Our Twelve Favourite Gender Diversity Initiatives

From our MD, Cath Nolan:

Most organisations have great initiatives in diversity – either in response to a Gender Agenda, or simply because it’s part of a broader People Strategy.

Many of these initiatives have been around for years. Why are things different now? Because right now it seems like everybody’s doing it. The collective intent is more in favour of diversity than status quo. The business world recognises diversity as one of many strategies for competitive advantage and there is now an increasing PR risk for those left behind.

Diversity is no longer owned exclusively by the placard-waving altruist. It’s a primary business objective.

So what’s working in Gender Diversity right now? Let us share what we see.

As you scan our Top Twelve, perhaps you’ll find some old familiars? We’ll get to that shortly… but here’s our top pick list of favoured initiatives… which do you have in place? Which might be worth consideration?


Seek out the diversity champions at all levels of your business. Connect them, connect with them, advocate for them. If the champion has a high profile within the organisation, consider a visual campaign… see our next top pick…


LinkedIn ran a fabulous visual campaign a little while back. Employees standing wherever they were caught, holding an A4 piece of paper detailing their commitment. Add in a #HashTag and the global campaign had the impact of solidarity. Could you use the combination in your office, an “I’ll stand with Jo by …”? 


An extension of the visuals… The photos on the walls of corporate Australia and government, education, agriculture, politics, healthcare… they are primarily of middle aged white men. It sends a message. It implies that if you’re not a middle-aged white male, you’re not going to have profile or influence here. You will not be celebrated. If you have a photo opportunity, be SURE that more women are in the photo.

The photo commemorates a successful project? Be sure that the women on the project team are in the photo. Then next time, work out how to get more women involved in steering the project so they’re the most obvious choice for photo inclusion.


Michael Spence, Vice Chancellor of Sydney University speaks of the need to be brave in uncovering your blind spots. What are yours and which true friends can you ask to be honest with you in helping to uncover them?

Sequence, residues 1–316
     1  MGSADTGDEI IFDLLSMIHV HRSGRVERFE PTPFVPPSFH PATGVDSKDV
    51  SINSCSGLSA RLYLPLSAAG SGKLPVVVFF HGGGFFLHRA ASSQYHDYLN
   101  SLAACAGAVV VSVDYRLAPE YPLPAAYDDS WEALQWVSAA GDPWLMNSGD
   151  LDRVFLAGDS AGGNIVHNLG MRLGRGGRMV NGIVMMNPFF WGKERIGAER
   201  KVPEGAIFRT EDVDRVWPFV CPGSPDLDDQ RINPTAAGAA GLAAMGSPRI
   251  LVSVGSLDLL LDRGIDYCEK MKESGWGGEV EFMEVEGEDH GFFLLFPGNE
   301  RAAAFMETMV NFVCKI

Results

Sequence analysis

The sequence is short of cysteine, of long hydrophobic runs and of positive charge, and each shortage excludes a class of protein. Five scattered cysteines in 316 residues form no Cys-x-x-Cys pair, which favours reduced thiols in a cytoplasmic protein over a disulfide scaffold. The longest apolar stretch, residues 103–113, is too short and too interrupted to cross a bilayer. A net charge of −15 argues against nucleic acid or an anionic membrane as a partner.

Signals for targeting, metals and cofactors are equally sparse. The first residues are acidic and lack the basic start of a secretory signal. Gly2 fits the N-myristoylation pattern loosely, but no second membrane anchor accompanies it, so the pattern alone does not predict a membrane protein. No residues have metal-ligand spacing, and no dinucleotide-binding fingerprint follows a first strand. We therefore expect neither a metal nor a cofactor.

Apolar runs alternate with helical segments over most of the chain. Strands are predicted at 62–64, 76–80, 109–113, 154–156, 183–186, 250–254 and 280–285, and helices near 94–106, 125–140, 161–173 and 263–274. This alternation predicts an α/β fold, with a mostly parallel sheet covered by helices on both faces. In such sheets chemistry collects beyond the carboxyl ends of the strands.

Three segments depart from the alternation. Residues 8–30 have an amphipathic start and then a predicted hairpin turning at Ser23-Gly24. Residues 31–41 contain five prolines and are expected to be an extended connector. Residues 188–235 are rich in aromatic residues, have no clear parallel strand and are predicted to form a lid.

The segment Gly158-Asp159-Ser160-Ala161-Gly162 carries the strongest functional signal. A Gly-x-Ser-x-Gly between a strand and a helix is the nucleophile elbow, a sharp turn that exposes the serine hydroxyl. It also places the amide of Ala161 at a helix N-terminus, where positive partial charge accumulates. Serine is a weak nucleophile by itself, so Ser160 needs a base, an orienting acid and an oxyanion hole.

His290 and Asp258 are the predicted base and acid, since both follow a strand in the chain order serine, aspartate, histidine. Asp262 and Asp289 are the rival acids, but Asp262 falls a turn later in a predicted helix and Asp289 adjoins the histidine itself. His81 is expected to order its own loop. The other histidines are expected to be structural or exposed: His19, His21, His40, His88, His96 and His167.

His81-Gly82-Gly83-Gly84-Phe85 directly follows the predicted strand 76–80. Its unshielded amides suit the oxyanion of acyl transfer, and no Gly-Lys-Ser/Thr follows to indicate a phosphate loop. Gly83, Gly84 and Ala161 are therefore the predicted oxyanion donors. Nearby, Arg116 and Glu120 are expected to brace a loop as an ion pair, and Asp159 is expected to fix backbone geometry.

At all levels and at all ages, whether in your team, for the team who follow or for your kids … make a conscious effort to celebrate women. Make a noise about achievement.


It’s one thing to give advice to women about how they can navigate the organisation. It’s quite something else to speak highly of those women behind their backs. Be an advocate.


I don’t mean make excuses for bias, I mean acknowledge it. Call it out. Make it a conscious bias. Lori Tyrell of One3HR is acclaimed in this space and graciously joined Gender Gap Gone to create an Intro to Unconscious Bias Webinar with advice on how to work WITH bias. Check that out here for free access. 

Not convinced that bias exists in your team? The Better Than Average Effect ensures you probably don’t. Check out this clip from McKinsey & Co – it’s a short hilarious must-see.  Talk about revealing blind spots!

Top12 for Pinterest


If all benefits are exclusively for women you will further marginalise, rather than support. The Department of Industry & Science ahs had great success with their Teleworking program. Project initiator and GM HR attributes that largely to the fact that it’s a program for all employees. In fact they’ve quite deliberately encouraged men to participate.

The next step for them is working childcare considerations into the teleworking model. We’re looking forward to hearing more as that unfolds.


It’s been researched and quoted over and over. Women won’t raise their hands unless sure they can do the job. We see confidence as just one part of that. Underpinning it though is clarity. We find that when women have a well-defined wish list, they’re more inclined to Lean In. In face this fundamental insight is where all of our programs start.